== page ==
As a rookie PR I remember being told by a colleague that the only thing you can control when sending an email is the intention when it’s sent. You can’t control how the recipient interprets what you say. This has stuck with me every since.

It’s the same with public relations, marketing and publicity. You often have no control over how a message, a call to action or a piece of content is perceived by the person receiving it. A lot of the uncontrollable is a result of context. Context has been a recurring theme for me lately, particularly in discussions about social media.

A lack of context means that social and digital platforms have a real disadvantage to some of the more traditional delivery mechanisms used in public relations, marketing and publicity. Is a lack of context meaning your audience is missing something important from your PR, marketing and publicity messages?

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What is the value of press coverage? | The THINK PR Espresso

Public Relations, PR Strategy, ROI

Almost every entrepreneur I meet says that they need media coverage to grow their business. When I ask them why, very few have an answer.

The PR industry sells “awareness” as a solution to almost every business ailment – but it’s simply not true. Media coverage can be a very inefficient, expensive and indirect way to talk to the people that matter most to your business. You’re putting the opportunity to build your businesses most important relationships in the hands of a third party, that has to convince another third party to publish something. You then hope that the people you want to read about your product or service actually see it when the coverage appears.

With traditional media-based publicity – because that’s what it is, not PR – you’re effectively buying a lottery ticket. Let me explain. If we apply the 5% direct marketing rule to publicity look what happens:

The website has 300,000 uniques every month.

5% will see the piece [15,000].

5% of the 15,000 will read it [600]

5% of the 600 will be have a possible need for your product or service [30]

5% of the 30 will have a need right now [1.5]

5% of the 1.5 will… well you get the idea!

With traditional media you had weekly, monthly or, in some cases, quarterly publications – where the magazine sat on their desks for a week, a month or three. Compare that with a refresh rate of one story an hour – or, in the case of the likes of Mashable and other online tech publications, once every 15 minutes. So, not only are you hoping to attract the attention of one and a half prospects with every piece of coverage, the chances they will read your piece is one in forty every week compared to the days of traditional media. The number rises to 1/160 over a month!

So, you’re paying five to ten thousand dollars a month for ‘PR’. Let’s say you’re getting 10 pieces of coverage a month. You’re getting your message in front of 15 prospective customers per month [most B2B businesses would bite your arm off for 15 new qualified leads every month]. Lets say, for the sake of argument, 33% of these make contact with you – that’s 5 leads. Each one has cost you $1,000 if you’re paying $5,000 a month. In PR terms, that’s pretty good ROI. If 20% convert to a customer, you have one new customer for your investment.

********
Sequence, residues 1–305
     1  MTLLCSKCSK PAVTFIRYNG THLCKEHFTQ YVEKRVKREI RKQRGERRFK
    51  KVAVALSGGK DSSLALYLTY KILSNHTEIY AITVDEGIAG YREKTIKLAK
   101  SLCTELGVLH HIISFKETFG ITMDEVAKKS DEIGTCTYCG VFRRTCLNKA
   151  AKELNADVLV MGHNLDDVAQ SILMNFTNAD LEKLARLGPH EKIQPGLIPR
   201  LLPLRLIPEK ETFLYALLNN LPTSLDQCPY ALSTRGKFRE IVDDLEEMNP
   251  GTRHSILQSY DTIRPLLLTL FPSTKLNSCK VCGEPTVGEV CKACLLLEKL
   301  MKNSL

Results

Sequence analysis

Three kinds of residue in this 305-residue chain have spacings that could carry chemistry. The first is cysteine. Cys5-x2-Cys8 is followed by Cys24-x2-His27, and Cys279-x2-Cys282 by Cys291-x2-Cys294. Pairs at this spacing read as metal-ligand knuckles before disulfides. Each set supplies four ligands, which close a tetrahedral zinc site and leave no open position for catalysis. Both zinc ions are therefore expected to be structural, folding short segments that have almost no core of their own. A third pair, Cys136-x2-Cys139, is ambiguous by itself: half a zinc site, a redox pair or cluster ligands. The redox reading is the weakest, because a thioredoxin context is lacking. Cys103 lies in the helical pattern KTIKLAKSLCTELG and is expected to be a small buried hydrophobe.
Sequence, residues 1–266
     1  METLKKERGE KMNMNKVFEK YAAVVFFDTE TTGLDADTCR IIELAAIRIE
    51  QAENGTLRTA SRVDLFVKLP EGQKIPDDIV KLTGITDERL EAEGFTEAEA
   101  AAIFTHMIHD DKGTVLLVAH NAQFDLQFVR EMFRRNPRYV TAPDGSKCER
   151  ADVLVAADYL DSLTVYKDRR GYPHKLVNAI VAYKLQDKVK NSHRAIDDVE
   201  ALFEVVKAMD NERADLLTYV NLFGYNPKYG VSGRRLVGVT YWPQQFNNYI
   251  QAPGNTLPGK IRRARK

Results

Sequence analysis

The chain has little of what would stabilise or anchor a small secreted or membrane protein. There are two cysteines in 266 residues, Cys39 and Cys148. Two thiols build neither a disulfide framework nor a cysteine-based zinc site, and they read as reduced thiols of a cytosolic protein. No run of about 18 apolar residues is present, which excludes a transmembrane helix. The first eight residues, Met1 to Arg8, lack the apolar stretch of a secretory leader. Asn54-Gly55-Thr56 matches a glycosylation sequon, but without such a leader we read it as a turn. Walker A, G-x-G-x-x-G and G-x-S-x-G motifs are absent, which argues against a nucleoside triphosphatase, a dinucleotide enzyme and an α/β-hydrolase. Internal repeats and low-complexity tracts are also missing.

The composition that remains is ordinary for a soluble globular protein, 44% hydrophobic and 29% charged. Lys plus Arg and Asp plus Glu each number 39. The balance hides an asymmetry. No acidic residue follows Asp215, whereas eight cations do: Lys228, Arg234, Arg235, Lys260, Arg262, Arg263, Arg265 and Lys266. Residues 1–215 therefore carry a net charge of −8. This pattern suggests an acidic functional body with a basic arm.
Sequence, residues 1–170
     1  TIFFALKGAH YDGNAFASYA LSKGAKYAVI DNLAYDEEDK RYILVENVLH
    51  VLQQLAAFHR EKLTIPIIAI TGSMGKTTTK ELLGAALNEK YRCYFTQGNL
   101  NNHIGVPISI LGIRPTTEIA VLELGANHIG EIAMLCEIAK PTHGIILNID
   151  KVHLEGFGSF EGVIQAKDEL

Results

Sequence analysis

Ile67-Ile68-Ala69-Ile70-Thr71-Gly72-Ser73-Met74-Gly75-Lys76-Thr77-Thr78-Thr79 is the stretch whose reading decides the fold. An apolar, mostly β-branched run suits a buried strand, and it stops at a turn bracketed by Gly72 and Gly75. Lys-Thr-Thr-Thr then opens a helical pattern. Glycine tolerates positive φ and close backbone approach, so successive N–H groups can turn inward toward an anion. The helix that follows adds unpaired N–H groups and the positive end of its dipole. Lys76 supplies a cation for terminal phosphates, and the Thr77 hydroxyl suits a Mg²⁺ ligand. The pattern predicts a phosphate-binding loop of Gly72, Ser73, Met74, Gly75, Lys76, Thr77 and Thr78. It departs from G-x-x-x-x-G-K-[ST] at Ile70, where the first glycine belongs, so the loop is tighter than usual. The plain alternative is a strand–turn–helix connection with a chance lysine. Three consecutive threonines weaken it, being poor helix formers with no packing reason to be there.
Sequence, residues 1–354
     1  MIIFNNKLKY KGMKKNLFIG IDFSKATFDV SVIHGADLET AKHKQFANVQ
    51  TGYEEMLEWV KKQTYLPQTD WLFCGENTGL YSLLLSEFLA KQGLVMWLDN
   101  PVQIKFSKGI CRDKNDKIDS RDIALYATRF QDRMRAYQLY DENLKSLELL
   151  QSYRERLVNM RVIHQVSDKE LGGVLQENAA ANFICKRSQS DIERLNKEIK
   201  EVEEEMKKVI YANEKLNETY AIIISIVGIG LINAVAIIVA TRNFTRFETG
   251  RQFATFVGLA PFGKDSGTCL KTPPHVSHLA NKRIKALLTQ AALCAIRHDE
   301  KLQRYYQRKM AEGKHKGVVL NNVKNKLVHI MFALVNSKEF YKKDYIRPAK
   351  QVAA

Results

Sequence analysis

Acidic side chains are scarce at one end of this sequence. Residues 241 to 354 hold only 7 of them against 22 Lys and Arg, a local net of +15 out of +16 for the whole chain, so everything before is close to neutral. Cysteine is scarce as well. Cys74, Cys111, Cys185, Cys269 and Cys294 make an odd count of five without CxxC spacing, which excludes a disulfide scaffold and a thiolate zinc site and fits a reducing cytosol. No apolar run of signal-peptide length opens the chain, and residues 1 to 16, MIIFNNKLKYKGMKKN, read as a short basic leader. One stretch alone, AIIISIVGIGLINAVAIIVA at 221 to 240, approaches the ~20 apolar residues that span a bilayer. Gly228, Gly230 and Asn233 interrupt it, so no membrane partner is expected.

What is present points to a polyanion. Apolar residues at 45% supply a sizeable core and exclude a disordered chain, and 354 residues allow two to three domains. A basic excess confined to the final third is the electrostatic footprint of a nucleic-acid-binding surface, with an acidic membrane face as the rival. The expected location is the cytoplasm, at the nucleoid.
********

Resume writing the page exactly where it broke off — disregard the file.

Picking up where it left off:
But then there’s always the chance that you get nothing from it. Think what you could do if you identified 5 – 10 prospects and spent even $500 on each to capture their attention. $500 a month to start building a relationship with them that increases the chances of them converting to a customer. What if you could spend $500 and figure out how to make sure you delivered the right message to each of these validated customers, at the right time and delivered via the right channel?

In reality, you could spend a lot less and get significantly better results. So, do you still want to play the publicity lottery?

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How To Plan For Public Relations Success

Public Relations Espresso

We’re half way through the year and today my advice is that you take a long hard – and most importantly – honest look at your PR, marketing and publicity plans to see whether they are moving you closer to your commercial objectives for the year.

Today’s THINK PR Espresso explains a little more about how to create a plan that will enable you to see quickly and easily whether your PR, marketing and publicity is working.  Tomorrow I’ll explain how to tell if your current plan is working or not.

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Why this ‘PR guy’ agrees with Mark Cuban

Today I was reading a piece on LinkedIn where a PR professional was explaining why he disagreed with Mark Cuban’s assertion that startups should never hire a PR firm.  I found myself agreeing – with Mark Cuban.

The author of the piece I was reading, written recently, was talking about a bullet point in an article published in Entrepreneur magazine more than two years ago. It was called Mark Cuban’s 12 Rules for Startups.  He was explaining that PR professionals play a valuable role in helping early-stage businesses to grow.  I agree. In part.  But what he was describing wasn’t public relations it was publicity – media coverage. Awareness. Brand-building.  Call it what you will the majority of the companies that claim to sell PR are actually in the publicity game.  On that basis, I wholeheartedly agree with Mark.